Today was not the usual. Today required no building what-so-ever. Today was all about visiting those in need of visitation. Building or no, 6:45 was still breakfast time...and the rooster didn’t let up either.
Our first visit was to a free hospital downtown. Although admission and basic treatment is free, more complicated surgeries and extended stays are still rather pricey. Just like the majority of people we deal with in Honduras, this hospital is for the poor and desperate. A lot of the people we talked to traveled hours to get to this free hospital; it was their only hope.
We split into five different groups; each group having its own translator. Our group went to floor two. First stop - the brain injury ward. Having seen just about everything this week, or so I thought, I thought I was ready for this. I thought I could walk in and not be stunned. Our first room was not too bad - we met children ages six to eight that had been admitted with head injuries. One child had been attacked by a dog while he was riding a bike. When he bumped his head, he created a tumor. He has now gone through multiple surgeries with no success. He was up for another surgery today. They were all thrilled to see us and loved the small gifts that we brought. The children’s faces were great - equally as great were the faces of the mothers. Some of the mothers spend all their time with their children, probably getting no visitors and slowly feeling more and more alone. They loved that someone cared enough to come and talk to their sick child.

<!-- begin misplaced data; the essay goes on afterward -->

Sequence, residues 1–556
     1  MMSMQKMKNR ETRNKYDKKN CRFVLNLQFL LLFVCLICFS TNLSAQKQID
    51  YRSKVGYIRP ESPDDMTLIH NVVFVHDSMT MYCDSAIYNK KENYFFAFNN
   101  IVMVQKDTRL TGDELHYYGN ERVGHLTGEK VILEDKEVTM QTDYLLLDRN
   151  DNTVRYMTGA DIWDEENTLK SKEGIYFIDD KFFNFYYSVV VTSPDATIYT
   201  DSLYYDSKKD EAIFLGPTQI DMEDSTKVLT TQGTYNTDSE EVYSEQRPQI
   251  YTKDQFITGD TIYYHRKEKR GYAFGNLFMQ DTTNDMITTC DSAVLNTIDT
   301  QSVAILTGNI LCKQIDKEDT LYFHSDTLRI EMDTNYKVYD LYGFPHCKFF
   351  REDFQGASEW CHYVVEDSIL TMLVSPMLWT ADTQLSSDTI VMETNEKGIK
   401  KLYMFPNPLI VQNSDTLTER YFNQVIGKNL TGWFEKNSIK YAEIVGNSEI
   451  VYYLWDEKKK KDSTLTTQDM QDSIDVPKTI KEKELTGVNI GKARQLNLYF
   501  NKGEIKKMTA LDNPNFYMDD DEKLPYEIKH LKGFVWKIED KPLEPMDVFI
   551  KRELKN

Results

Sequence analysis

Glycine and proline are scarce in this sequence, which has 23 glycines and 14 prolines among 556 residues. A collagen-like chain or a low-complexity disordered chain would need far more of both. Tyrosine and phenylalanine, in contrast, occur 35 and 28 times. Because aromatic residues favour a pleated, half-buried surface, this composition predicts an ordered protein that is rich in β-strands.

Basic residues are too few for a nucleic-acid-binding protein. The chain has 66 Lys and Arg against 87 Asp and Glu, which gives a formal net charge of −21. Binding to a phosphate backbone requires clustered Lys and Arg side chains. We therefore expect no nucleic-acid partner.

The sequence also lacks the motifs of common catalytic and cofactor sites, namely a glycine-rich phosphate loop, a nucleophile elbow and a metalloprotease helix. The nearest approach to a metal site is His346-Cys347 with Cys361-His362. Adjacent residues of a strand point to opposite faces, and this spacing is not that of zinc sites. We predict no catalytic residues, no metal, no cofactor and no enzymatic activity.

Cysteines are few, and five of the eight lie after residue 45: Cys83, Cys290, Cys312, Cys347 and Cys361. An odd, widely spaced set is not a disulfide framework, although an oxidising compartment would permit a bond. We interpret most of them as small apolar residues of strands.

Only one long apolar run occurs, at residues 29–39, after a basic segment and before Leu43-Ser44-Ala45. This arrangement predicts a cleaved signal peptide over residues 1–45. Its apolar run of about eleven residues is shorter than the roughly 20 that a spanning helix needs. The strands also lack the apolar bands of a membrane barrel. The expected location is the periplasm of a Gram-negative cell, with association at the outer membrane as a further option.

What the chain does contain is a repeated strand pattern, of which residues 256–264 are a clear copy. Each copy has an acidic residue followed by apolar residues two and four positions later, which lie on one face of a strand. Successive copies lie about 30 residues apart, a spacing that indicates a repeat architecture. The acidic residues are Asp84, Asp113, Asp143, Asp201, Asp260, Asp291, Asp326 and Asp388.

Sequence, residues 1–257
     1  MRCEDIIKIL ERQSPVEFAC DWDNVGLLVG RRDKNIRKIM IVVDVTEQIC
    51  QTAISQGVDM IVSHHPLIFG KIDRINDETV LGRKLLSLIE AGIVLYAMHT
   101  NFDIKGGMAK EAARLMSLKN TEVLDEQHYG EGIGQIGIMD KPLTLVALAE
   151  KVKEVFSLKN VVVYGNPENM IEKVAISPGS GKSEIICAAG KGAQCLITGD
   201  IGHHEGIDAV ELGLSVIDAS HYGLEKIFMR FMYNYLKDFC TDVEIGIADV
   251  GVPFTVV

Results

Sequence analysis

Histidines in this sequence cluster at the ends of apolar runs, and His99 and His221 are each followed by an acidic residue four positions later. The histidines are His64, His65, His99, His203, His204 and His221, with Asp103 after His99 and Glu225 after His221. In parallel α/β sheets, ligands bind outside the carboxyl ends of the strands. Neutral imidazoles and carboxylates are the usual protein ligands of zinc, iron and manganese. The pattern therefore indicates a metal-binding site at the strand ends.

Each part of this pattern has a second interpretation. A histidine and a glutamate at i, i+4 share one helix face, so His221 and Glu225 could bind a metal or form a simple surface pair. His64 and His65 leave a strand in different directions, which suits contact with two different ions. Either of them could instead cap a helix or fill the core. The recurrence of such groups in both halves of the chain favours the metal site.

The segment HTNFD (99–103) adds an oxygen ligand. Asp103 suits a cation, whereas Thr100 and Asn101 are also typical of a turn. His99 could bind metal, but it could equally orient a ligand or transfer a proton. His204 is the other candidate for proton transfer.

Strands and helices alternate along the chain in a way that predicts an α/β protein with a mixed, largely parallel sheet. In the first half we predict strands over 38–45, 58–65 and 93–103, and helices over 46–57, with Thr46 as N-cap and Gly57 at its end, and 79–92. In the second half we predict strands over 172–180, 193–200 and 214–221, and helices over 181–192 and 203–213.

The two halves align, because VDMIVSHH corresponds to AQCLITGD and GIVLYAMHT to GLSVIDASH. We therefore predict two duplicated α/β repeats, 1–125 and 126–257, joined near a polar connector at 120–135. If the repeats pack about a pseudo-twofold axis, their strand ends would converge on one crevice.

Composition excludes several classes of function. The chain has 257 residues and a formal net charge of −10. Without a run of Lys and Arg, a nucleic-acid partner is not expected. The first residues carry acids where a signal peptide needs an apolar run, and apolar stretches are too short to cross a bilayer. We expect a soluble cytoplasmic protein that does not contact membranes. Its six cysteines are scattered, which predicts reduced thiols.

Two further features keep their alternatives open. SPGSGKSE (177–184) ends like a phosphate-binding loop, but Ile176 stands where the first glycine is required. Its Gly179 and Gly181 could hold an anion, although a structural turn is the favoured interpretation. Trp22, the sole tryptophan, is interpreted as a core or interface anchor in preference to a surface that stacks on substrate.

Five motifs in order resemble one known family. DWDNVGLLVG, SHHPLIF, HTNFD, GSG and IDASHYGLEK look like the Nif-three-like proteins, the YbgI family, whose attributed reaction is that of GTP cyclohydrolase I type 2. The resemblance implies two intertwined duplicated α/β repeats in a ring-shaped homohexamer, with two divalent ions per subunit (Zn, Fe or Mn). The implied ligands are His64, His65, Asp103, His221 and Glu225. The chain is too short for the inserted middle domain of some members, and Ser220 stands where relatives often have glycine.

The next room was where things started to hit hard - the infant portion of the head injury ward. Each child was suffering from some life threatening head injury or abnormality. Most kids were struggling with fluid in the brain. The look of these kids was startling. Their heads were swollen, and the mothers were left helpless. What could a starving, poor mother do for a child with a serious health defect? She was left with no other option than to sit in the free hospital and wait. Each story was full of pain but our message resounded with hope. Each prayer we offered dealt with God’s grace and his healing power. We prayed for miracles. We prayed for healing.
After visiting a couple more rooms, we headed out to the special needs home. This home is for kids who cannot be cared for in shelters or orphanages. They were handicapped in some way, most mentally handicapped. My first thought was how beautiful the facility was. It was a large building with clean and polished architecture. It had plenty of space and many luxuries. After seeing the outside, I, once again, thought I knew what to expect. Upon entering, I was wrong again.
Seeing handicap kids anywhere is heartbreaking. Seeing them struggle with the most basic of functions is horrible. It is hard to watch. But, but, we weren’t there to watch them. We were there interact with them, and show them people still cared for them through their differences. We were there to show love - nothing more. The sadness was short lived because every child forced a smile when some of the toys began to surface. Every child found something they could do. They have joy where others don’t. They find happiness in the simplest of things - that is something I admire in them. Thank God for bringing me to this place and pushing me through my fears. Thank God for me showing me the goodness inside of everyone.